Dietary Lipid Unsaturation Influences Survival and Oxidative Modifications of an Amyotrophic Lateral Sclerosis Model in a Gender-Specific Manner
Cacabelos Barral, Daniel
Nadal Rey, Gisela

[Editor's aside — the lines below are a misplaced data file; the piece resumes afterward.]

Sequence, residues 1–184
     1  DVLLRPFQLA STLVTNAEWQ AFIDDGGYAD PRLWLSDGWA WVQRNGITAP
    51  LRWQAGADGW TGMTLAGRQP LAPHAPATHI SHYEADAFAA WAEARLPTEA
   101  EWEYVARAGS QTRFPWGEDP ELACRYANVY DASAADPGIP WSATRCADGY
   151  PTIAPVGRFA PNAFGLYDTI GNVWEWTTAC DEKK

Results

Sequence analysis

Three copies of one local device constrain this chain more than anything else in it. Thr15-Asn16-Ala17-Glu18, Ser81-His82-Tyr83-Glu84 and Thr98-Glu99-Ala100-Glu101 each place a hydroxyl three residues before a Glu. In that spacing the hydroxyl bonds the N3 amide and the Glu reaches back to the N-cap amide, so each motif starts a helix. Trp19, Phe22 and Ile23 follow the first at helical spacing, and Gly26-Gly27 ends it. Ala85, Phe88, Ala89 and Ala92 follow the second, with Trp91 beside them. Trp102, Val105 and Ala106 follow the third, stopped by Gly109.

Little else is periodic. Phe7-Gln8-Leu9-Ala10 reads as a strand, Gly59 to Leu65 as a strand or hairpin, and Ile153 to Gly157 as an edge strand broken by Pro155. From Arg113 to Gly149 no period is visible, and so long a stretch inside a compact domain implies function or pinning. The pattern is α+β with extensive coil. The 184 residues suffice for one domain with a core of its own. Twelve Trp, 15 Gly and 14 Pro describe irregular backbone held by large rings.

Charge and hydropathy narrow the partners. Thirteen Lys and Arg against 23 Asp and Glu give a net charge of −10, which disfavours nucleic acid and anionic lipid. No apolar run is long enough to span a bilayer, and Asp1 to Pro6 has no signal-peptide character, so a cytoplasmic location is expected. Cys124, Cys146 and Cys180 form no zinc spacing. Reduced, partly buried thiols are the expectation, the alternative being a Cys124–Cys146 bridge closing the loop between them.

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The implication of lipid peroxidation in neurodegenerative diseases, including amyotrophic lateral sclerosis (ALS) derive from high abundance of peroxidation- prone polyunsaturated fatty acids in central nervous system and its relatively low antioxidant content. In the present work, we evaluated the effect of dietary changes aimed to modify fatty acid tissular composition in survival, disease onset, protein, and DNA oxidative modifications in the hSODG93A transgenic mice, a model of this motor neuron disease. Both survival and clinical evolution is dependent on dietary fatty acid unsaturation and gender, with high unsaturated diet, leading to loss of the diseasesparing effect of feminine gender. This was associated with significant increases in protein carbonyl and glycoxidative modifications as well as non-nuclear 8-oxo-dG, a marker of mitochondrial DNA oxidation. Comparison of these data with cH2AX immunostaining, a marker of DNA damage response, suggests that the highly unsaturated diet-blunted mitochondrial–nuclear free radical dependent crosstalk, since increased 8-oxo-dG was not correlated with increased DNA damage response. Paradoxically, the highly unsaturated diet led to lower peroxidizability but higher antiinflammatory indexes. To sum up, our results demonstrate that high polyunsaturated fatty acid content in diets may accelerate the disease in this model. Further, these results reinforce the need for adequately defining gender as a relevant factor in ALS models, as well as to use structurally characterized markers for oxidative damage assessment in neurodegeneration.